Colin and Kristine Poole, a married couple of sculptors in Santa Fe, dispensed with nearly every convention when renovating their 2,700-square foot house. They devoted 700 square feet to a work studio, where they regularly receive nude models, work on life-size clay figures, create molds, pour wax and assemble bronze sculpture. Mr. Poole, 52, also paints. Another 1,200-square-foot area of the house serves as a gallery space, where they receive clients and host art-oriented events. Because they work seven days a week, often for 14 hours a day, they decided to forgo a living room. Instead, non-art space is limited to a small kitchen and bedroom.
Mr. Poole bought the house in 1997 for $200,000 from a cousin who had inherited it from their grandmother Una Hanbury, also a well-known sculptor, Mr. Poole said. Ms. Poole, 47, moved in nine years ago and the couple spent more than $200,000 renovating, doing most of the work themselves.
They prioritized features that would serve their work. They laid the studio with a floating hardwood floor, typically used for dance floors, so thatstanding on the surface for many hours a day wouldn’t cause back pain. Four large skylights provide natural light; at night, tract lighting fitted with full spectrum bulbs from Germany imitates day light, Mr. Poole said.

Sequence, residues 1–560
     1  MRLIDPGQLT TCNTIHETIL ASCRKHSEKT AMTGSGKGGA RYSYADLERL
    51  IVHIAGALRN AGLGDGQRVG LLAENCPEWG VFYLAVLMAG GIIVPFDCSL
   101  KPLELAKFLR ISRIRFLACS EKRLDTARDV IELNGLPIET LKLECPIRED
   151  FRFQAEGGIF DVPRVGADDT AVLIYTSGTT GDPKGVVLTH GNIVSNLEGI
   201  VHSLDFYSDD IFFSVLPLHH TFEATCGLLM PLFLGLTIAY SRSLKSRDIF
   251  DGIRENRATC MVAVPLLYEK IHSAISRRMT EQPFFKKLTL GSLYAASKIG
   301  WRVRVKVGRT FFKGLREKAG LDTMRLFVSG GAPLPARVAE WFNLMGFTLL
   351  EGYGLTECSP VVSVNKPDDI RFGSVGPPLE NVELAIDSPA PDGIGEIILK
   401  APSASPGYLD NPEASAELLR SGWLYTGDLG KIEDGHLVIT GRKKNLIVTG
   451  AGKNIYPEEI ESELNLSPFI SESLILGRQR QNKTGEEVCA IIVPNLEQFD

Living amid their output isn’t stressful, the artists said; instead, Mr. Cotton, Mr. Goode and the Pooles said they don’t want a clear line between life and art.
“If something is giving me a lot of trouble, I just turn it to face the wall,” to get a break, said Mr. Cotton, who is known for his images of costumes and landscapes made of sweets. Still, it is surprisingly hard to escape his subject matter. Soon after moving in to his loft, he noticed a faint, hand-painted sign from the 19th century on the exterior of the building, reading “Almond Paste—H. Heide—Confectionery.”
“How crazy is that? It turns out I live in a converted candy factory,” Mr. Cotton